Megabuyte, July 2012. Original article here (£).
Letter from the West Coast
The mobile internet takes shape
HotelTonight is a mobile business with its eye on a future. Specifically, the future where we will all have fast internet available on clever gadgets in our pockets. HotelTonight, which is just this summer launching in London, provides an app where users can book same-day discounted hotel rooms using their iPhone, iPad or Android device. It is a great example of a service that is made specifically to take advantage of the main benefit of the mobile device: solving a problem at the last minute, while on the go.
Keen to try the service ahead of my meeting with CEO and co-founder Sam Shank in San Francisco, I found myself in something of a “the cobbler’s children have no shoes” moment; this technology journalist’s phone is too old for apps, and HotelTonight’s services cannot be used on a regular computer. Shank takes this in good spirits, pulls up the app on his iPhone and hands it to me. It turns out there is no need to spend time familiarising yourself with this app, because the interface is so sleek and the options so self-explanatory that you would be hard pressed to struggle. The app is designed to enable users to move quickly through the options, with minimum fuss on the small screen.
But, I ask as we sit down to talk, would it really detract from the mobile app to just have a basic website that people can access from their computers? This was what I tried to do in a cafe earlier that day, using my very mobile laptop. “There is a reason why we have stayed mobile-only,” says Shank. “As a start-up you have to focus to be the best at something. And the bottom line is that online travel is growing at single digits a year, whereas mobile bookings are growing at 100% per year. So if you had to choose which one to be in, it is very obvious where to go.”
A mobile focus
Shank believes a web portal would distract the team, now at 45 people and counting, as they would have to support another platform: “Our message is very clean, it is mobile-only and that is why the deals are great. You are getting people when they are already out. It is a better message on the brand, and it is a better message for the hotels. It has been working really well.”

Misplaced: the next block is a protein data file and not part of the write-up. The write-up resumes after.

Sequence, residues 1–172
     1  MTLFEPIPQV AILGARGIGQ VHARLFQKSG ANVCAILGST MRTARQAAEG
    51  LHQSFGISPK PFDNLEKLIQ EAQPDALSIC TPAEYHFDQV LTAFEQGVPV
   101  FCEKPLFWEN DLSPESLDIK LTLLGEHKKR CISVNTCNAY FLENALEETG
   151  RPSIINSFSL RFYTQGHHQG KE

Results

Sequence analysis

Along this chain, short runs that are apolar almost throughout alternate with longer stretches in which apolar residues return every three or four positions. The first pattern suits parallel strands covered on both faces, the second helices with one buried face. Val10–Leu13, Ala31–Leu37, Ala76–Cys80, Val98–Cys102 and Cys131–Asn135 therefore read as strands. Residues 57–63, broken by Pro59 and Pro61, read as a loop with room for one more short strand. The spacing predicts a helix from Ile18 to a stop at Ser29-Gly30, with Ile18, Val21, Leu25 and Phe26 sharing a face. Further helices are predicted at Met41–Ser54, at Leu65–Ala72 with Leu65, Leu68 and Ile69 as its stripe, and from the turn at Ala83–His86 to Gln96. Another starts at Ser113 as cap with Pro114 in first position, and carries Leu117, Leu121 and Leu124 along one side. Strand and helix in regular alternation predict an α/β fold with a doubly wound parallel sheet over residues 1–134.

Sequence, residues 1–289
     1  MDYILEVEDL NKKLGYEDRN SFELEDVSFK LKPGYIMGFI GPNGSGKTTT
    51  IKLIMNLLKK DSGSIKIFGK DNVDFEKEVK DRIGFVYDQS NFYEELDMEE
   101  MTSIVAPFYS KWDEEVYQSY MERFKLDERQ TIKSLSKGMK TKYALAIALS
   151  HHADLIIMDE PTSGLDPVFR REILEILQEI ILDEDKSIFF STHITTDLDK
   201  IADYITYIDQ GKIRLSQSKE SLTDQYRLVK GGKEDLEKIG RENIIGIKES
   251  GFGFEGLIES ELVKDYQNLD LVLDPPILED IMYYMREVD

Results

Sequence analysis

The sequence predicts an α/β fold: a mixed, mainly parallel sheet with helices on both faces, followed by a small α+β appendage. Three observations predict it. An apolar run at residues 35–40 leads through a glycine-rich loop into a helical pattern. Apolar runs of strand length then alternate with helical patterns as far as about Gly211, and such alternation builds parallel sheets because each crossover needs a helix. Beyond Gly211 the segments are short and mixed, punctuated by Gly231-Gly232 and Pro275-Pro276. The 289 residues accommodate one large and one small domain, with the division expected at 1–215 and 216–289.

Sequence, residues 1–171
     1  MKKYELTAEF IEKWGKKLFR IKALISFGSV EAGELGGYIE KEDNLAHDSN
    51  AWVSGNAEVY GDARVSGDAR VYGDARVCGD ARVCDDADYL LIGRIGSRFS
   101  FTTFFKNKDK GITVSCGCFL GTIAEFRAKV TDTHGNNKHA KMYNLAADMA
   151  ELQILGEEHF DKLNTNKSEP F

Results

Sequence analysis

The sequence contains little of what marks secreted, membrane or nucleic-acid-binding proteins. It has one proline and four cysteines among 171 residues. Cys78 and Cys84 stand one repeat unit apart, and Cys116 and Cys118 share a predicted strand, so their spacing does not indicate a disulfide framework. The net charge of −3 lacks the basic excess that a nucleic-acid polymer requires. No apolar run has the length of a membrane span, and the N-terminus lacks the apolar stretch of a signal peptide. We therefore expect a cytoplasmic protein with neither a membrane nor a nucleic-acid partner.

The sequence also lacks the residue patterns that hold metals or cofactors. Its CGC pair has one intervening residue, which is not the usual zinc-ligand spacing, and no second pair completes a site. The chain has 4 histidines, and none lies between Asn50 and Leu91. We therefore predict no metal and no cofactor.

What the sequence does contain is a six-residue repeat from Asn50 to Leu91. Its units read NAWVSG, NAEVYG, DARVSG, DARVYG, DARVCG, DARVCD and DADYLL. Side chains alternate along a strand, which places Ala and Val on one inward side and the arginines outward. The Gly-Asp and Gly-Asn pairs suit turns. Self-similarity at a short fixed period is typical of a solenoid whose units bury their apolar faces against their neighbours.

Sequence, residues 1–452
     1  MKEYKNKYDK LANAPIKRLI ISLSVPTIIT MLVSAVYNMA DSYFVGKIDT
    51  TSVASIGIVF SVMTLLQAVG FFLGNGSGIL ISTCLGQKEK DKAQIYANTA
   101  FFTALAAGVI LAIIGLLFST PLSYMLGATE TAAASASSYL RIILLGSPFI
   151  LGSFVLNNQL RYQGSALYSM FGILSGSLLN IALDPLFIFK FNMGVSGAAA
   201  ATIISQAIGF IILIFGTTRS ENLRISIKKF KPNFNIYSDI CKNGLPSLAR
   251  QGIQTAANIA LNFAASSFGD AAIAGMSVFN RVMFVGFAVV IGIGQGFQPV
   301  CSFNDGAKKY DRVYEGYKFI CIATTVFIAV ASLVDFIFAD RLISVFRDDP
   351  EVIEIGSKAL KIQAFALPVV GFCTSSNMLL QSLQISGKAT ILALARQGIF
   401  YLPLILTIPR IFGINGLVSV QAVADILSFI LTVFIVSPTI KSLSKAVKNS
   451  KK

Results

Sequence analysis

In addition to streamlining the focus, the mobile-only focus also has other benefits: “Being entirely based around mobile means we have a different way of thinking. The approach to the market is different, the marketing channels are very different,” says Shank, adding that the customer service also sits within the app. “If we were trying to do a website, we would be doing things very differently in terms of all the other aspects of the company as well. We want to be really good at mobile because that is where the future is.”
It is hard to argue with this argument, as Shank is betting on a future trend – the spread of the mobile internet – that looks pretty certain. Financially the company is no slouch either, having just secured $23m in a fundraising round led by US Venture Partners, which includes participation from Accel Partners, Battery Ventures and First Round Capital. The group has now raised a total of $35.8m since its establishment in December 2010. Shank, who was also the founder of DealBase.com, a travel deals search engine, has a lot of travel sector expertise with him; his co-founders are COO Jared Simon, previously online-video production and distribution outfit TurnHere, and CTO Chris Bailey, formerly of DealBase.com and Adobe Systems.
Shank, Simon and Bailey are up against some big names in the travel industry though, including Expedia, Priceline, TripAdvisor and Orbitz. The CEO says he actually waited a few months after having the idea for his business before going ahead, because he thought, surely something similar must already be in the works. It is such a simple, obvious product idea. “But then I realised: no one [else] is going to do this. And if no one else is going to do it, I want to be the company that does it.”
Poised for expansion
HotelTonight takes a 20% cut of each transaction, an amount Shank says is standard in the industry. With over 2.3m customer downloads under its belt, the group is now pushing hard to include more cities, both in the US and internationally, a process that is labour-intensive. HotelTonight has great traction, says Shank, but admits there is some work involved in explaining the benefit of this new business model to hotels: “The message we have for hotels is very friendly and very complementary to what they already do. We say: ‘Only use HotelTonight if you have rooms available on that same day that you know you are not going to sell otherwise. Give them to us and provide a discount to consumers, and we will help you fill those rooms.’ It is a very different message to what is being sent by the bigger online travel agencies that are competing with the hotels for advance purchase bookings.”